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The Covid-19 pandemic has exposed and exacerbated a range of systemic inequities, from healthcare availability to employment opportunities and beyond.

For higher education, internet access is tipping the scales between the haves and have-nots. When the delivery of high-quality instruction depends on reliable, high-speed broadband connections for every student — as it does right now — anyone lacking the right resources gets left behind.

The dangers of being left behind are even more grave after the California wildfires. According to a 2019 report from Governor Gavin Newsom’s Strike Force, “the lack of broadband in rural communities and access to cell service make it difficult to communicate clear emergency evacuation orders to residents or locate residents who are in trouble.”

In this moment, internet access directly impacts Californians’ ability to survive extreme danger and better their chances for economic recovery through education. It’s time to ensure all Californians can get connected.

As of 2018, the most recent year for which data are available, 89% of households in California had some type of broadband internet subscription, including through cable, fiber optic, DSL and cellular data plans.

Broadband access varies substantially with household income, however, with 96% of households earning at least $75,000 per year having access to broadband, compared with just 68% of households earning less than $20,000. If you exclude cellular data plans, a key way many low-income households access the internet, the overall figure for California households drops to 75%.

Californians in more rural areas are at a collective disadvantage. Due to the Federal Communications Commission’s hands-off approach to internet access, internet service providers have too often skipped places deemed less lucrative, even in parts of the seemingly well populated Sacramento and San Joaquin Valleys. The practice called “digital redlining,” wherein wealthy neighborhoods have better access than lower-income ones, persists — often along racial lines. As we look toward the impending transition toward 5G networks, addressing this issue now is necessary to achieving digital equity in the future.

We’ve been particularly dismayed to learn that internet access is lower among households whose members stand to benefit the most from online education — including those without a college degree. In fact, adults without a college degree ages 25–54 constitute 63% of Californians without high-speed internet access. That’s five times the statewide average.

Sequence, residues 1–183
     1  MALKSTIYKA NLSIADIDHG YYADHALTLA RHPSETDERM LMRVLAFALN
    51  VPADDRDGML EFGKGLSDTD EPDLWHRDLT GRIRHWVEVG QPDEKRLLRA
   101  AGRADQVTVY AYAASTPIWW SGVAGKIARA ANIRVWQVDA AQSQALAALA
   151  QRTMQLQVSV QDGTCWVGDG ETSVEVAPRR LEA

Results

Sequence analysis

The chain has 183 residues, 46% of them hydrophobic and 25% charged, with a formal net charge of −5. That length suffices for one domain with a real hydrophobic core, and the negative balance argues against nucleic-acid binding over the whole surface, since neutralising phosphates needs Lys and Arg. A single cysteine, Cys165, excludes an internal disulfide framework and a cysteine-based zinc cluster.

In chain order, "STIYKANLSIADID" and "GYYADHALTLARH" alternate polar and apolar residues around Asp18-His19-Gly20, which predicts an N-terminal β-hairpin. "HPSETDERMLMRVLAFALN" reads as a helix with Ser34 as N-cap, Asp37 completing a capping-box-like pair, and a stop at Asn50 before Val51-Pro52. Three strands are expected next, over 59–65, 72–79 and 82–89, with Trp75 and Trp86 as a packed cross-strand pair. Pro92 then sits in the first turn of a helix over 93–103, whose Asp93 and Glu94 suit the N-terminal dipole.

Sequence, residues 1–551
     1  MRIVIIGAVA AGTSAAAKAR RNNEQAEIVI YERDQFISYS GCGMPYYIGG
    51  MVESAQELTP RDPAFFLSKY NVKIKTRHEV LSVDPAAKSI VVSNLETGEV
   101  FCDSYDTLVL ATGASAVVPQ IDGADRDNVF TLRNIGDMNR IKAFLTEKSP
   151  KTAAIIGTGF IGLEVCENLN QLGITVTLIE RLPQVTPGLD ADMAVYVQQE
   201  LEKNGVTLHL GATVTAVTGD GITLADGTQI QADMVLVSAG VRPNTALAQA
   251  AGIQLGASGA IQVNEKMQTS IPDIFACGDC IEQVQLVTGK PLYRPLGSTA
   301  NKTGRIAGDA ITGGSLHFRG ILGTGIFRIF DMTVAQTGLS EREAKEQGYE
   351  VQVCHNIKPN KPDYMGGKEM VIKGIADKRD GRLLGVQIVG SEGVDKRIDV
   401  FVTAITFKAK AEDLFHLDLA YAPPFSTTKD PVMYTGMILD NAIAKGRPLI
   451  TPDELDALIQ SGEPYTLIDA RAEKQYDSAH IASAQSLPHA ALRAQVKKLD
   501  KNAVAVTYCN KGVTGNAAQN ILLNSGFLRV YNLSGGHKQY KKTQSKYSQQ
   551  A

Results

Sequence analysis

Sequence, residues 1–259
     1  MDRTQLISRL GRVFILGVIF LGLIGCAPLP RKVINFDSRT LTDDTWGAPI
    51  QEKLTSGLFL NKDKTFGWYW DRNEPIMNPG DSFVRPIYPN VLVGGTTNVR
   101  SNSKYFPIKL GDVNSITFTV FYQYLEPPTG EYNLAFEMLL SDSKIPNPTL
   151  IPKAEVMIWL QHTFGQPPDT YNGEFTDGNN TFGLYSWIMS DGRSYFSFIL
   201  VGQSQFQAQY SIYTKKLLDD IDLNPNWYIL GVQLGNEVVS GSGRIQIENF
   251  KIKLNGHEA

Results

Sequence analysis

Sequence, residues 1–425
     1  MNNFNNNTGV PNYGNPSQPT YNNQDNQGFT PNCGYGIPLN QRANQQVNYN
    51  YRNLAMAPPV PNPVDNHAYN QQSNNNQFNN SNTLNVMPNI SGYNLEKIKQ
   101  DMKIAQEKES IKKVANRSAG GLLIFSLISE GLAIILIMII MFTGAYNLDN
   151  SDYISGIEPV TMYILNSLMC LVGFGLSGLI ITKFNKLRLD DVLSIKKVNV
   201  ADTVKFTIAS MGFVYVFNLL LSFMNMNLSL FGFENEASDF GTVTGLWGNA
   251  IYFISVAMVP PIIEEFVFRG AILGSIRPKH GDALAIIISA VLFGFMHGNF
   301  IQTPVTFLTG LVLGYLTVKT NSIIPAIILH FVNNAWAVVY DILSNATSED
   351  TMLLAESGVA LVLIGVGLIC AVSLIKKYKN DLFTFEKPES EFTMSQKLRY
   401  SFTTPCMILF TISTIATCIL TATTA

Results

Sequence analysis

Nationally, a fifth of this population says it is likely to enroll in an online-only college or university within a year and over a quarter is likely to do so within the next two years, according to a recent survey by Strada Consumer Insights.

Degree attainment is an essential pathway to economic mobility and to reenergizing our state and regional economies with newly qualified workers for the high-demand jobs of the 21st century. Online education can be a great equalizer when it comes to higher educational access — working nimbly around long commutes, tight schedules and physical mobility limits — but only if every student has adequate internet connectivity.

Students lacking a reliable high-speed broadband connection — not to mention a device able to access it — will not merely fall behind in this environment, they will be excluded from the system entirely — and the rest of the state will miss out on their talent, ideas and newfound skills.

If our state expects to buoy Californians through the pandemic and beyond, to engineer an equitable economic recovery and to ensure a future of shared prosperity, this has to change now.

The fix is clear: Federal, state and local governments must equitably expand the reach, reliability and affordability of broadband internet access to ensure access to online education for underserved populations.

Already, some have taken up this charge. In Delaware, state leaders channeled $20 million in federal CARES Act funding to expand rural broadband coverage and improve internet access for low-income households — building new broadband towers, purchasing services in bulk for qualifying families and incentivizing providers to expand their networks and increase speed. Here in California, tens of thousands of laptops and hotpots have been ordered for college and university students while Governor Gavin Newsom directs state officials to develop a new broadband access plan.

California policymakers, at both the state and regional levels, now have the chance to ensure every resident can access reliable, affordable high-speed internet. Expanding broadband access is essential in the immediate term and ensuring that low-income communities are included in the 5G rollout will be critical to realizing a more equitable future.

As a world leader in technology and innovation, the future of our state depends on it. Let’s not miss this transformative opportunity.


Su Jin Gatlin Jez, Ph.D. is executive director of California Competes: Higher Education for a Strong Economy, a higher education and workforce policy research organization. Peter J. Taylor is president of ECMC Foundation, a national foundation working to improve postsecondary outcomes for students from underserved backgrounds.

The opinions in this commentary are those of the author. Commentaries published on EdSource represent diverse viewpoints about California’s public education systems. If you would like to submit a commentary, please review our guidelines and contact us.

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